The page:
Lentils of Infinite Virtue
There are a lot of people to whom I owe debts of gratitude. Stanford Steph is one of them. Not only did she inspire the idea behind the Fussy Little Tours, but she also served as a stand-in photographer for this week’s Eat This! on AOA.
Officially it’s time for me to bite the bullet and buy an actual camera. The good news is, and you probably already know this, digital cameras are a lot better today than they were 10 years ago. Damn, I’m old. But I’ve been holding a grudge against the technology because of the crap camera I paid hundreds of dollars for a decade ago. Today I can buy ten times the camera for half the price, and that’s what I’m going to do.
But let’s get back to Steph.
Recently she had a problem of her own. Steph was looking for a lentil recipe. It was then that I realized I’ve never written down the details of the lentil dish that I make at least once every winter. Usually I eat the whole thing myself over the course of the season. For starters, it’s super healthy. It freezes and reheats beautifully, and since it’s a stew it is even better after the flavors have had time to fully meld.
Also the rest of the family kind of hates it. But don’t be dissuaded by them. I’m not.
The kids enjoy a wide variety of rice and bean dishes from around the world. They will go for Indian spiced red lentils that break down almost completely and feels more like a puree than a lentil dish. But I think it’s the thicker texture of this stew in addition to its chunks of vegetables that derails the lentil stew train.
Mrs. Fussy has a hard time getting past this dish’s passing resemblance to gruel. And regardless the state of our personal finances at the times when this dish is made for the family, just sitting down to a hot and steaming bowl of this porridge makes Mrs. Fussy feel destitute.
But like I said, I love it. Mostly because it’s easy. But also because it goes great with Tabasco and parmesan cheese. In fact this preparation is one of the few times I will use parmesan in the evil green canister (that we keep around the house so kids can sprinkle it on pizza or occasionally pasta in those rare occasions when we are low on the good stuff).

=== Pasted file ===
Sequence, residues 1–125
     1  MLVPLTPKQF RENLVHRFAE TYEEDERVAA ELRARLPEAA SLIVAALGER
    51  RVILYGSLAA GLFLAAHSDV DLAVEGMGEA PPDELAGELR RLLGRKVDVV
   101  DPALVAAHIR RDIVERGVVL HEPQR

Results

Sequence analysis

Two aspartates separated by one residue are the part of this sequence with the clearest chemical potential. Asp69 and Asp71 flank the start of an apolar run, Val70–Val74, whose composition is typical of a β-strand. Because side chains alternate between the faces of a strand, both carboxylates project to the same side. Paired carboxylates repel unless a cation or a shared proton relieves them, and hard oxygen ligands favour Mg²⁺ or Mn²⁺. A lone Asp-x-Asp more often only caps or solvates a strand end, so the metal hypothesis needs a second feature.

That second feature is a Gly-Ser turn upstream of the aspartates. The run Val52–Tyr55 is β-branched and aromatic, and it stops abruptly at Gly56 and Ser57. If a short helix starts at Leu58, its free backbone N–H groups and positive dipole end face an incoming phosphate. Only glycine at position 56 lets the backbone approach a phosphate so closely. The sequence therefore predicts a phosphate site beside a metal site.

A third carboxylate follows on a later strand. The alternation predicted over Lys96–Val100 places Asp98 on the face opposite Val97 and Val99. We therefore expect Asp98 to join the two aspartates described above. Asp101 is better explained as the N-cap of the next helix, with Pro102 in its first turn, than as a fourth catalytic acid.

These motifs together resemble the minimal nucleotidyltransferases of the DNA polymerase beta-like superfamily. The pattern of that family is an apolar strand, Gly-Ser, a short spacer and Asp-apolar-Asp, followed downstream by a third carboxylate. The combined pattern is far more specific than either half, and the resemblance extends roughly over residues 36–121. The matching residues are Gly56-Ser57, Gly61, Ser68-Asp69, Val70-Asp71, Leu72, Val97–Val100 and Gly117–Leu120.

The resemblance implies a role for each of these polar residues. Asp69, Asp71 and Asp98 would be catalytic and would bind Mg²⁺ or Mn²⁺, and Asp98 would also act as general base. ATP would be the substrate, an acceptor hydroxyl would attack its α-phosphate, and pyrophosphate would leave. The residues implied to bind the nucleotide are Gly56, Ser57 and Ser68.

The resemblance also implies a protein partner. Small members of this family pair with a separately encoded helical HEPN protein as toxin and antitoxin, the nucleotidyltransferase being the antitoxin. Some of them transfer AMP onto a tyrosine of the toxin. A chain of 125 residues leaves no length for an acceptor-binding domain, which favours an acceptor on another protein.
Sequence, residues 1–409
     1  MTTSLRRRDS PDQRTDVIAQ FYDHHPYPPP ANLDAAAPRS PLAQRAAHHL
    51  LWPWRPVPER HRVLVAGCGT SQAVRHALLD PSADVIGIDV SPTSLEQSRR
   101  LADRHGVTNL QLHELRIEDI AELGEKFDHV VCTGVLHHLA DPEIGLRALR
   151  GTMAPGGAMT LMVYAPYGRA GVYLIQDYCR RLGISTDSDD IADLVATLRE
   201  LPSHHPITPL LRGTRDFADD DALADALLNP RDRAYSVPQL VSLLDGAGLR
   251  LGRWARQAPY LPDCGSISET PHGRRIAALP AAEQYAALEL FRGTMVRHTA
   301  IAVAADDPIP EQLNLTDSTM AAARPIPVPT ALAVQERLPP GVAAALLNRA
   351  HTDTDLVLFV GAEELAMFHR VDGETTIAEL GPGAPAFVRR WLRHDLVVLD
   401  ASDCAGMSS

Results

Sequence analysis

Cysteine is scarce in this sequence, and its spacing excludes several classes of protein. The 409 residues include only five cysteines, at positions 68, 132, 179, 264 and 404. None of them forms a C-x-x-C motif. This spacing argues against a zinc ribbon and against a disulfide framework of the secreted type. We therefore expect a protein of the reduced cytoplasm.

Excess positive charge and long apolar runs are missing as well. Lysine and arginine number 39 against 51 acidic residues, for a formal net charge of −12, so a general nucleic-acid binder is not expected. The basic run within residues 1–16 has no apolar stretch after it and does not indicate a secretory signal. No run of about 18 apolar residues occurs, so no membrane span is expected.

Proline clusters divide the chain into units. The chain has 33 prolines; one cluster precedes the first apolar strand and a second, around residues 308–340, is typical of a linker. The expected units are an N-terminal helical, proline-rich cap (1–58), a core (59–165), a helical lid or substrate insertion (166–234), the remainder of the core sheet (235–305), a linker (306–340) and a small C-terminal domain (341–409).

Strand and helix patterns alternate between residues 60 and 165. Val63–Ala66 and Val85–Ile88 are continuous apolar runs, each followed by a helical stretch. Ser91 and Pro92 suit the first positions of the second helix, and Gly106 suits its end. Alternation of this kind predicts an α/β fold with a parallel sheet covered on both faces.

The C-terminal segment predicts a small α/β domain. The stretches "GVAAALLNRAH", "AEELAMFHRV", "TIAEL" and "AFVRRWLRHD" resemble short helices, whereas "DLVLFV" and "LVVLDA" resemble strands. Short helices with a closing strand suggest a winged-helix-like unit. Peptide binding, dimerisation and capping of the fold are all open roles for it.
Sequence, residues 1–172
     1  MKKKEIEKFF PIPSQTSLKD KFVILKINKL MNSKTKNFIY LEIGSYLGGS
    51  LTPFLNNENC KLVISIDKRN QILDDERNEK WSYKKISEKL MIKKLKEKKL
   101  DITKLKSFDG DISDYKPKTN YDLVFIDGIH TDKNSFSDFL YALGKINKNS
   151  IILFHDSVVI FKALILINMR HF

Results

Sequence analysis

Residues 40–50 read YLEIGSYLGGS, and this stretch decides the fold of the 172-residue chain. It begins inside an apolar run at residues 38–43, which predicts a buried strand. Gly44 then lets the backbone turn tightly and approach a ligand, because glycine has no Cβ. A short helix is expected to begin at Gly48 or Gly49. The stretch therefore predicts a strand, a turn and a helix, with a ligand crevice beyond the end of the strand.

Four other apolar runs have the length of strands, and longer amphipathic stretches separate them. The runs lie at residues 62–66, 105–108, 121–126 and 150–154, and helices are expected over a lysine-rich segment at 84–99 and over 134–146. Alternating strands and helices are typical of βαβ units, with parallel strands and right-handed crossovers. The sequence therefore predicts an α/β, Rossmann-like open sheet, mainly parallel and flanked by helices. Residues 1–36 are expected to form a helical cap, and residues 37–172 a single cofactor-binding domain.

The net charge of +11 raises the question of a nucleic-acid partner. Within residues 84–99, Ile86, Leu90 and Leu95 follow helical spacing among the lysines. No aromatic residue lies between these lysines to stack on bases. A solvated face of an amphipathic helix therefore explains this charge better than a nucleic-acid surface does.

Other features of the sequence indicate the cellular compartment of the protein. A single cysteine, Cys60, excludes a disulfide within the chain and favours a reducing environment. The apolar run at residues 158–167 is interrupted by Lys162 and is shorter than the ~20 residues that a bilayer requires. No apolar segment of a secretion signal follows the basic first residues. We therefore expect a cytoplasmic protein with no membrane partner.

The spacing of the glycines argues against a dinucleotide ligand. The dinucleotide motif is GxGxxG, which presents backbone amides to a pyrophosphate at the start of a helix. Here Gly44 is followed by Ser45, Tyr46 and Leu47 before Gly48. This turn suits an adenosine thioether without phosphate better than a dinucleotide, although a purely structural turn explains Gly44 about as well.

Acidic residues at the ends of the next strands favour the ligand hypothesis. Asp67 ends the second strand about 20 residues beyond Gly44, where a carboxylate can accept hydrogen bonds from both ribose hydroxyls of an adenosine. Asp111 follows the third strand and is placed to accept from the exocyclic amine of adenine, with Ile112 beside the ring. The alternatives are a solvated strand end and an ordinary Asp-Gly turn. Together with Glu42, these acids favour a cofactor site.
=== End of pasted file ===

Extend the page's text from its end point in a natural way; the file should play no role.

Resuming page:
I make a ton of this and break down leftovers into smaller meal sized containers. But you could easily halve this recipe.
Before doing anything, pick over two cups of plain everyday brown lentils. There are sometimes rocks or other things mixed in with the legumes that you might not want to eat. So examine them closely. Take your time. This is delicious, but it’s not worth a cracked tooth.
With the picked over lentils in a colander waiting to be called into action, heat a large pot over a medium-high heat and coat the bottom with XV olive oil. Then add two finely chopped onions, and cook until soft with a teaspoon of salt. Then add four (or so) peeled and chopped carrots to the pot with another teaspoon of salt. When the carrots have softened a bit, toss in two finely chopped garlic cloves with a half teaspoon of salt and saute until it is aromatic but before it changes color.
While the garlic is heating, very quickly rinse the lentils and throw them into the pot. Stir and incorporate the lentils well into the vegetable mixture. Then it’s time for two cups of beef broth (I use store bought Pacific Organic in this preparation) and six cups of water. Into the water goes ½ teaspoon of dried Mexican oregano, and a heaping half cup of long grain brown rice.
The whole shebang gets brought to a boil and then reduced to a simmer until the rice is soft (or longer). It takes the better part of an hour.
It’s really simple, quite healthy, crazy cheap, deeply warming, and totally tasty. The more you make it, the more you’ll tinker with the proportions and flavorings to make it your own. For example if you prefer it soupier you can add more liquid, or some might like it better with a higher proportion of rice.
Anyway, I’m curious about whether those of you who end up making this will fall into my camp or on Mrs. Fussy’s side of the fence. Please keep me posted.